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Caenwyr
09-06-2013, 10:57 AM
So I was looking at a crumpled piece of paper, and I started thinking... Why don't I turn something like this:

57491

... into something like this:

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It's a very preliminary work, but it's a nice project for the weekend. So now I'm wondering if there's a fabric that's water tight, crumplable (is that a word?) and not shiny, so I can crumple it, pour water over it and see where lakes are formed? Maybe you guys have an idea

kurtzknight
09-06-2013, 11:42 AM
Look at the numbers you see on uniforms at track and field events or in marathons they are paper and can crumple and hold up in rain. Mabey just search for waterproof paper.

Urist
09-06-2013, 02:31 PM
Old paper money had good crumplablity and could survive contact with liquids.
I can't think of anything else that is water tight and would retain its crumples, so maybe you could use PVA to seal regular paper.

RobA
09-06-2013, 04:03 PM
You could use Tyvek (made by duPont) or some other house wrap material.

And on a map related front, here is a Tyvel, crumple-able, waterproof city map: Crumpled City : Emanuele Pizzolorusso (http://www.pizzolorusso.com/index.php?/project/crumpled-city/)

-Rob A>

waldronate
09-06-2013, 04:04 PM
I'd recommend spraying a few coats of clear paint on it. That'll both seal it and make it stronger.

Lingon
09-07-2013, 07:36 AM
This is an interesting idea… Looks really cool too. Maybe something for a future mapping challenge?

And to add something to the material discussion: aluminium foil might work too, if spray-painted. Some ultra-cheap, cracking paint could even look good; with some luck that'd do the texture work as well.

randigpanzrall
09-07-2013, 10:10 AM
Funny idea!

Ever thought of using dark charcoal or pencil dust, rubbing the paper in, whipping the coal away and polishing the whole think carefully? In the deep valleys the black color will stay, i hope...and you avoid oceaning your table :-)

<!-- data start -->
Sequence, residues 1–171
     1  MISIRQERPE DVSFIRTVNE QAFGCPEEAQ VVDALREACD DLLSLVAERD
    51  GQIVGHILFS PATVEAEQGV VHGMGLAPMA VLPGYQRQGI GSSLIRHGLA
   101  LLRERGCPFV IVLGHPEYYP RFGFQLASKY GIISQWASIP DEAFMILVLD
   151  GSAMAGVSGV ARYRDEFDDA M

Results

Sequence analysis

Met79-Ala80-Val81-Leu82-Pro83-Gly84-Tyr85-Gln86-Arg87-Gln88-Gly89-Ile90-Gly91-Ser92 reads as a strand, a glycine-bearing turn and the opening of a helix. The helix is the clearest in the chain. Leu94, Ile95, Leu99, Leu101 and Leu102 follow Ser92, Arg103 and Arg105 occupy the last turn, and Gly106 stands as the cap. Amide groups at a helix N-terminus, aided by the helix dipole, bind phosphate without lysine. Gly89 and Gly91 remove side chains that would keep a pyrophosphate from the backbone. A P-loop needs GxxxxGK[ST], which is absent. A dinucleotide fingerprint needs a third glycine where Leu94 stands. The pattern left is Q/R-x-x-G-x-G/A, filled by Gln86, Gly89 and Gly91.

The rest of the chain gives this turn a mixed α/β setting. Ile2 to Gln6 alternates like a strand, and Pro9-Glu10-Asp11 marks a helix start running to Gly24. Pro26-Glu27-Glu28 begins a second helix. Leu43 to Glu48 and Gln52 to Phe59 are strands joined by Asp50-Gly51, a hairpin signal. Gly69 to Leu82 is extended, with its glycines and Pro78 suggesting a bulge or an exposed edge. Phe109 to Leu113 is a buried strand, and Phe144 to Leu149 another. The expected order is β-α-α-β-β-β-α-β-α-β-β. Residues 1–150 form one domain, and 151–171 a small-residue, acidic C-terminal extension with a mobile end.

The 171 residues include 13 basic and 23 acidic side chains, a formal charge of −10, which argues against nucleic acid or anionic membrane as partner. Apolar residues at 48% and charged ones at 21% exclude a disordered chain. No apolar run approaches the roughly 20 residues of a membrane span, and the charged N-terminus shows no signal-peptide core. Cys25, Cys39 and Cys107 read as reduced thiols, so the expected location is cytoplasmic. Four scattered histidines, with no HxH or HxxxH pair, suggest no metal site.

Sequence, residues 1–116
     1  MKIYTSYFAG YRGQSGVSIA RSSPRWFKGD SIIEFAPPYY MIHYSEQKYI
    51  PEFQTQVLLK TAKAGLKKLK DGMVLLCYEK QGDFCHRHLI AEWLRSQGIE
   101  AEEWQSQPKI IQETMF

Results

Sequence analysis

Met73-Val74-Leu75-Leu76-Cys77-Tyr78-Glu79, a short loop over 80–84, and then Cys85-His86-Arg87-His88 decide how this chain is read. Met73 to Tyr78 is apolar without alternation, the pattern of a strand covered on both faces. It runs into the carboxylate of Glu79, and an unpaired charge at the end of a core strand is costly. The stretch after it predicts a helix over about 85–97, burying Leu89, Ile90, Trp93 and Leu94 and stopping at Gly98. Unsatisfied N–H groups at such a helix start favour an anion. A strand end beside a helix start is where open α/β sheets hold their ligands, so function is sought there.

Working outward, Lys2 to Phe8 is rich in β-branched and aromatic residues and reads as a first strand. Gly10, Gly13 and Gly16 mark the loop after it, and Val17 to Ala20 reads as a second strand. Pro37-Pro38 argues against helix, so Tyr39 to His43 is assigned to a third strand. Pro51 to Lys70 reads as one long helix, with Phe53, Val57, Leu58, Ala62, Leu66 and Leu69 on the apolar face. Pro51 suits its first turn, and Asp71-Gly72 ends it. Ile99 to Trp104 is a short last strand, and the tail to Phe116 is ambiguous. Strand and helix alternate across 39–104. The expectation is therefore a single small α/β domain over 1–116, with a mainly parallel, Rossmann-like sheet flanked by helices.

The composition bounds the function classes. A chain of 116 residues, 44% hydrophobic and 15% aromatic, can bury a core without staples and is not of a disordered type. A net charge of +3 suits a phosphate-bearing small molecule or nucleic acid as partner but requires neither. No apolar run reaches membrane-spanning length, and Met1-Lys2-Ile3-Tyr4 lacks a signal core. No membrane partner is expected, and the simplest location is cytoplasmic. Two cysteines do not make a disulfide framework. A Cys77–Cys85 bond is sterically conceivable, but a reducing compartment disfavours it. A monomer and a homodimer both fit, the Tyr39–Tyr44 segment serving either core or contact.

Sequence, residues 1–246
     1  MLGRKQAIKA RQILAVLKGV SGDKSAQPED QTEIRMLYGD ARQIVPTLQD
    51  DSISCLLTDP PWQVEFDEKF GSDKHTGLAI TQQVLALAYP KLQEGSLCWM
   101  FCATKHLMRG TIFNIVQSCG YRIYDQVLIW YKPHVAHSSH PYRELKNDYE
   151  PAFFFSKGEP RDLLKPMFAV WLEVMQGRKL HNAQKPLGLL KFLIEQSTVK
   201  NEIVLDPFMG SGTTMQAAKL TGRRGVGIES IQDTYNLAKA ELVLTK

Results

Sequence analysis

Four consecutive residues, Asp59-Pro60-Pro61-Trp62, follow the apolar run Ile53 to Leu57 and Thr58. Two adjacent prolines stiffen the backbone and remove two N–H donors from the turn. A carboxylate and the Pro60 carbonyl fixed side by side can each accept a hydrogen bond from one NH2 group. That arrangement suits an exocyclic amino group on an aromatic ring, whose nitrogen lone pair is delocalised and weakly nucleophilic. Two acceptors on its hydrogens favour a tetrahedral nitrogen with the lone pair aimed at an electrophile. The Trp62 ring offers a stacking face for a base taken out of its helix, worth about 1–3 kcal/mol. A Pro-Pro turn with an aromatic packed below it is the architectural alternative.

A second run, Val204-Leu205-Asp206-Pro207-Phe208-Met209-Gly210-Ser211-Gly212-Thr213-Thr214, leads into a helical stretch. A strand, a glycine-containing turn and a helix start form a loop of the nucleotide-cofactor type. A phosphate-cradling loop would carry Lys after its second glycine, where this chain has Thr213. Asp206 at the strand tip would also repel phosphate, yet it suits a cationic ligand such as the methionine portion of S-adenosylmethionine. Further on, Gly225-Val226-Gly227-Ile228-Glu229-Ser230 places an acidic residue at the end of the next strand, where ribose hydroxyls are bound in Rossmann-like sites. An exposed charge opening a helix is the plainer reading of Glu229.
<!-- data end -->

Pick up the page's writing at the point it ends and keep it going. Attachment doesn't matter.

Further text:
Caenwyr
09-19-2013, 06:27 AM
All very good ideas, my friends! I'll on holiday for a week from tomorrow onwards, but I should be able to come up with someone when I get back ;-). I'll keep you posted!

Supine
09-20-2013, 11:43 PM
This is kinda interesting, although I can already tell it's only really going to work for mountain regions. But that brings me to my point: Perhaps next time my players are running around in the mountains, I'll do this, add features with a few colors of pen, and then clear-coat it until it stops trying to unfold, using that as my close-regional map. The main struggle, I think, will be creating another one when they inevitably go too far to one direction and I have to match the borders.

Chashio
09-21-2013, 01:48 AM
... The main struggle, I think, will be creating another one when they inevitably go too far to one direction and I have to match the borders.

Glue, or tape, the next piece of paper firmly to the edge you're expanding, then fold and crumple more gently? Or fix it digitally if you don't need it as a 3d object?

For materials, I'd probably try painted aluminum foil first for durability and minute fixing of details, but parchment paper or waxed paper might work too and they're both reasonably water resistant. Tracing paper's kinda interesting as well; it has a wrinkly shrivel-ish tendency when it gets wet. :) If you go with something that can hold pigment as well as water, then once you find your lakes, or maybe better... if you use an eye-dropper and selectively drop water into the highest valleys without hitting the slopes too much, add some color to the water and it'll stain your river paths and water bodies for you. Watch you don't do any of this over something that's not washable, though, and mind that your landscape is stable enough that it won't tip over when you don't want it to.

mftassano
09-27-2013, 12:01 PM
You might also try something like the tinted sugars used to decorate cookies. Sure, it will probably be pink, but it'll show you the low spots. It's light and cheap.
Plus, you can still use the stuff to cover cookies!

I'm liking this idea. I think I'll give this a try myself!
Thanks!

mftassano
09-27-2013, 01:14 PM
I had to try this!

57988

I sprinkled some model railroad ballast onto the page and tapped it gently with a stick.
Then in an editor: magic wand the ballast, copy selection to new layer, select and make mask. Color it blue.

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jljansen
09-27-2013, 01:19 PM
This is pretty genius actually. I love the idea, I think it could be taken to whole different level. Have some rep for this!

Chashio
09-27-2013, 01:54 PM
mftassano, I believe some of my maps are going to be started in a similar fashion in the future. Thank you for that excellent tip and demonstration with the ballast! And to Caenwyr for the original instigation :)

Lyandra
09-27-2013, 05:45 PM
Lovely idea mftassano! Have to try it one day. :)

Lingon
09-27-2013, 06:25 PM
Mftassano, that turned out great! Ballast or sand for water is probably even better than water, ironically! I'll also be trying this.

Rabin Arius
09-28-2013, 02:56 AM
That's rather creative mapping. Dang.